But Paul used the term “elect” very differently in 11:7. In fact, he uses it to separate the elect from the rest of Israel - Romans 11:7 - “What then? Israel failed to obtain what it was seeking. The elect obtained it, but the rest were hardened....” So, there is the “elect,” and then there is the “rest” of Israel. So yes, as we’ve already quoted from Psalm 94:14, God would never forsake His people - “For the Lord will not forsake his people; he will not abandon his heritage....” In other words, in the elect - the faithful remnant - God was faithful to His covenant promise to Abraham. He has, says Paul, always maintained a faithful remnant - a witness to His covenant of faith - among Israel. But now Paul goes on to describe another aspect of God’s work among Israel. And it’s a frightful one indeed: Romans 11:7 - “What then? Israel failed to obtain what it was seeking. The elect obtained it, but the rest were hardened....”

And, to make his point clear, it’s at this point Paul makes use of his two Old Testament quotes. First, Paul quotes Deuteronomy 29:4. But to get the flow of the thought, we’ll quote Deuteronomy 29:2-4 - “And Moses summoned all Israel and said to them: "You have seen all that the Lord did before your eyes in the land of Egypt, to Pharaoh and to all his servants and to all his land, [3] the great trials that your eyes saw, the signs, and those great wonders. [4] But to this day the Lord has not given you a heart to understand or eyes to see or ears to hear.” None of God’s revealed grace reached Israel’s heart!

Then, to make his point even more strongly, Paul jumps from Deuteronomy, which says God hadn’t given Israel heart to see these things, to a much stronger statement of the same idea from the prophet Isaiah - Isaiah 29:10 - “For the Lord has poured out upon you a spirit of deep sleep, and has closed your eyes (the prophets), and covered your heads (the seers).” Obviously Paul wants no confusion to remain on the divine nature of this judgment. It is God, by His own Spirit, who pours out this spiritual blindness on the majority of Israel. And we’re taken instantly back to Paul comments about Pharaoh in Romans 9:17-18 - “For the Scripture says to Pharaoh, "For this very purpose I have raised you up, that I might show my power in you, and that my name might be proclaimed in all the earth." [18] So then he has mercy on whomever he wills, and he hardens whomever he wills.” Again we see God is no respecter of persons. Jew and Gentile alike are judged for not responding to degrees of grace and revelation received.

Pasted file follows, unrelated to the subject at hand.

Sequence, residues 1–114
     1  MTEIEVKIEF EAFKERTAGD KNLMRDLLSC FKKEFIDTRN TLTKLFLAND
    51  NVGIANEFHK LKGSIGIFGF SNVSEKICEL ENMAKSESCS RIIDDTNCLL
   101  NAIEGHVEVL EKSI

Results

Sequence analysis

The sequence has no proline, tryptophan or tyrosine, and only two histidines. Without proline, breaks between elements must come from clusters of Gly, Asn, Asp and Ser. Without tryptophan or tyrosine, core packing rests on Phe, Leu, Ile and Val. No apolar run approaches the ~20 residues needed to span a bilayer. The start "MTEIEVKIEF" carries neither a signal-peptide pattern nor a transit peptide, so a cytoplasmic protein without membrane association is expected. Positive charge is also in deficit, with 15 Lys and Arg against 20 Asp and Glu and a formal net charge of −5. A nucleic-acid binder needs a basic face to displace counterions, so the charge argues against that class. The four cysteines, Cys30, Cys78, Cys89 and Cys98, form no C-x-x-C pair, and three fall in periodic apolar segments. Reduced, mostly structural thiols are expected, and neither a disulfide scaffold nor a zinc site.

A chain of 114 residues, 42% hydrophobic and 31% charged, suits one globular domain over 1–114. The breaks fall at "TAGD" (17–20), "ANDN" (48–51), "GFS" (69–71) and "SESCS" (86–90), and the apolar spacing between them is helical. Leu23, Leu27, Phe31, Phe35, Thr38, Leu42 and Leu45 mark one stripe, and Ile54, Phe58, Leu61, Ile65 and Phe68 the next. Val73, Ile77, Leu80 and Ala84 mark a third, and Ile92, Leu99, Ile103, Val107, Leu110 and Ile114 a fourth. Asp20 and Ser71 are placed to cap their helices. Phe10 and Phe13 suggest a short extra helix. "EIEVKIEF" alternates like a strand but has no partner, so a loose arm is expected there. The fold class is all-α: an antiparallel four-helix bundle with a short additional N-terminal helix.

Finally, Paul turns his attention to the Psalms to make his final point in this passage: that there is now a huge dividing line running right through the people of Israel as a whole and the elect faithful remnant within Israel, the continuing line establishing the Church as the people of God - Psalm 69:8-9, 22-23 - “I have become a stranger to my brothers, an alien to my mother's sons. [9] For zeal for your house has consumed me, and the reproaches of those who reproach you have fallen on me....22-23....Let their own table before them become a snare; and when they are at peace, let it become a trap. [23] Let their eyes be darkened, so that they cannot see, and make their loins tremble continually.” The clue comes in the eighth verse of this sixty-ninth Psalm - “I have become a stranger to my brothers, an alien to my mother's sons.” This is not a Psalm about the godly praying vengeance on the ungodly in general. It’s about a devout soul in Israel, a faithful follower of God, who feels persecuted and forsaken by his own people - fellow Jews. It’s a vivid picture of the very situation Paul was describing, many centuries earlier. And Paul’s whole point is surely Israel, if she cared one bit about God’s revelation, should have seen and learned and been warned! But because she wasn’t, she would become increasingly blind to the truth and she would have her back bent for the whips of others. While Paul’s application of these words is to a very specific historic situation in Israel, the abiding principle is grace is only beautiful when it’s received.